Shula family making funeral plans. Public tribute on hold because of the coronavirus.

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Don Shula’s family is planning a funeral for the Dolphins Hall of Fame coach, but it will be a private ceremony limited mostly to family, a person close to the coach said Tuesday.

The family does not want any details about the funeral, including the time and location, to be made public, or specify how the coronavirus pandemic might affect attendance at the funeral, according to that close associate.

But Van Orsdel Funeral Chapels, which has several funeral homes in South Florida, said it will be handling the arrangements for the Shula funeral.

Donald Van Orsdel, president of the company, said Shula’s family is touched by the outpouring of love and support it has received since Shula died on Monday at 90.

“The family wants to get the word out that there are two organizations that Don loved and would prefer donations to them rather than sending flowers,” Van Orsdel said.

Those organizations are: Don Shula Breast Research Cancer Fund at Moffitt Cancer Center in Tampa and Schott Communities in Cooper City for adult needs.

The Shula family would like to hold a public memorial at a date when it is safe to do so, Van Orsdel said. Also, the Dolphins said Tuesday that they will hold a public tribute for Shula when health conditions allow.

“I know we will do something; we’re just not sure what,” said former Dolphins receiver Nat Moore, who is now the team’s senior vice president of special projects and alumni relations. “Without a doubt, the legacy of Don Shula will last forever, and we — and when I say ‘we’ I’m speaking not only of the alumni but also the Miami Dolphins — will figure out the best way to honor him.”

No cause of death was announced, but a close associate said he was not ill at the time of his passing. Shula had spent recent weeks inside his Indian Creek home, with his wife, Mary Anne, determined to protect him from the coronavirus.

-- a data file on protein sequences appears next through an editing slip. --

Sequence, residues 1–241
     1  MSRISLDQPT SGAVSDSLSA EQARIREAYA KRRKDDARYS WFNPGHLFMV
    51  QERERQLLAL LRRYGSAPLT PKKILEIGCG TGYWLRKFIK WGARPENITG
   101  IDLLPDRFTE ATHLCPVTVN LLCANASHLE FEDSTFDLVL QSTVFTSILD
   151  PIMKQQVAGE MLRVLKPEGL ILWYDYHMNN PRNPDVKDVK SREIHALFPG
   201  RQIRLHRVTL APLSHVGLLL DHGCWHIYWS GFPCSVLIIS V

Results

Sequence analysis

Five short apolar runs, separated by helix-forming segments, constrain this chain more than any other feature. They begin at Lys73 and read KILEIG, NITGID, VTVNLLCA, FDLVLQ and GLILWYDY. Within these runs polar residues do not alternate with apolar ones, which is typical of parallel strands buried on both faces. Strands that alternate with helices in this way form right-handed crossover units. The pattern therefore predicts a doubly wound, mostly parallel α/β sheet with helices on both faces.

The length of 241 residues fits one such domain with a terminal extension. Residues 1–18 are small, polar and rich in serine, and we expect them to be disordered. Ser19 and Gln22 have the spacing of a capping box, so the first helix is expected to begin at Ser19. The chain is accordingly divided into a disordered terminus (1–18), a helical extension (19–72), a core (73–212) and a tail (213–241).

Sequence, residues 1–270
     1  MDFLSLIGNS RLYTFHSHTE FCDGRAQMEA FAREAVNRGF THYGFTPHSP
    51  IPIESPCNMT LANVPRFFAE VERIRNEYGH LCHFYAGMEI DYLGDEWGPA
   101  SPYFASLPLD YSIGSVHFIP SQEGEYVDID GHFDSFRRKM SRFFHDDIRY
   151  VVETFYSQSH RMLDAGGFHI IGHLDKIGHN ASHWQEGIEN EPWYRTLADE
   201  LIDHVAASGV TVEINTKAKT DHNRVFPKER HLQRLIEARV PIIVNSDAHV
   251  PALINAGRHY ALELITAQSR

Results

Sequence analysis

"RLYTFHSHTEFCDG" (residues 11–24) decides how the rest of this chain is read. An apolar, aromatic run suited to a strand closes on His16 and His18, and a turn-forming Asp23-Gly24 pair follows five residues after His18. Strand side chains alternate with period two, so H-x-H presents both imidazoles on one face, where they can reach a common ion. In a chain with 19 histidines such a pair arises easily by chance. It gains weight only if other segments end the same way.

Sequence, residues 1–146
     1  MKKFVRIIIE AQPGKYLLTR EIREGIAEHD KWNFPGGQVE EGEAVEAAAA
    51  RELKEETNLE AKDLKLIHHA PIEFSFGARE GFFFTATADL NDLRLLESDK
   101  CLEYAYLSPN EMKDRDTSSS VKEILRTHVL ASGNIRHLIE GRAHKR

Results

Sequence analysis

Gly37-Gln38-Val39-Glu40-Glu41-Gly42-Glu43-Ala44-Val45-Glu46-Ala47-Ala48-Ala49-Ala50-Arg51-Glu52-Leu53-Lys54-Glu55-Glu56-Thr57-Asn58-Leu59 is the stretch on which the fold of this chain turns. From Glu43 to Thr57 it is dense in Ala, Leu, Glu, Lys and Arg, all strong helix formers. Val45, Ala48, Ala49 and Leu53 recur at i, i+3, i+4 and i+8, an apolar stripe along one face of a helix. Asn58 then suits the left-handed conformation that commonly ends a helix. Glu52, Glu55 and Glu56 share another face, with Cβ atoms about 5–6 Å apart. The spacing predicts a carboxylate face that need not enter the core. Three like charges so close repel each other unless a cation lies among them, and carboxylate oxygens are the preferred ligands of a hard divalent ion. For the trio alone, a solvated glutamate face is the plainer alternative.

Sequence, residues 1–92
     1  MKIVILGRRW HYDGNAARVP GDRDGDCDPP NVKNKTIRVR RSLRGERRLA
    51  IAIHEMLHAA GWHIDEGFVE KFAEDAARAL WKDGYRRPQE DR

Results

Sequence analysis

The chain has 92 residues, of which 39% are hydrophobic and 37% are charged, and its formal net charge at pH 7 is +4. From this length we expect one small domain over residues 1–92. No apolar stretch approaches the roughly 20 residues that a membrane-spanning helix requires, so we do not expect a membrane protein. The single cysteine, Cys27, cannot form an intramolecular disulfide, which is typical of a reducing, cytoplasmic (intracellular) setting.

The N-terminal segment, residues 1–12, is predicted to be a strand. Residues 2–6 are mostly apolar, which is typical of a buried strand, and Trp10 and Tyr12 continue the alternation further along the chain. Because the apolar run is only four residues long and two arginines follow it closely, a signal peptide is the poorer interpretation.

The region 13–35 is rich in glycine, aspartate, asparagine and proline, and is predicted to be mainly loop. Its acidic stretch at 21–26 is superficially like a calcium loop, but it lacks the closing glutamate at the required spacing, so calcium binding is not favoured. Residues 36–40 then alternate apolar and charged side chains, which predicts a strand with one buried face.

His death leaves Howard Schnellenberger as the only living coach from the Dolphins’ 1972 undefeated team, according to

Schnellenberger, 86, was a Dolphins offensive assistant coach and wide receiver coach on that ‘72 team and later guided the University of Miami football program to its first national championship in the 1983 season.

The other assistant coaches on the 1972 Dolphins team died earlier this century: defensive assistant Bill Arnsparger, who died in 2015; offensive line coach Monte Clark, who died in 2009; offensive backs coach Carl Taseff, who died in 2005; defensive line coach Mike Scarry, who passed away in 2012; and defensive backs coach Tom Keane, who died in 2001.

The 1972 team has lost 14 players through the years — to cancer, natural causes and cognitive conditions — a group including Nick Buoniconti, Jim Mandich and Earl Morrall. Former All-Pro safety Dick Anderson said there are 36 living members from that ‘72 team.


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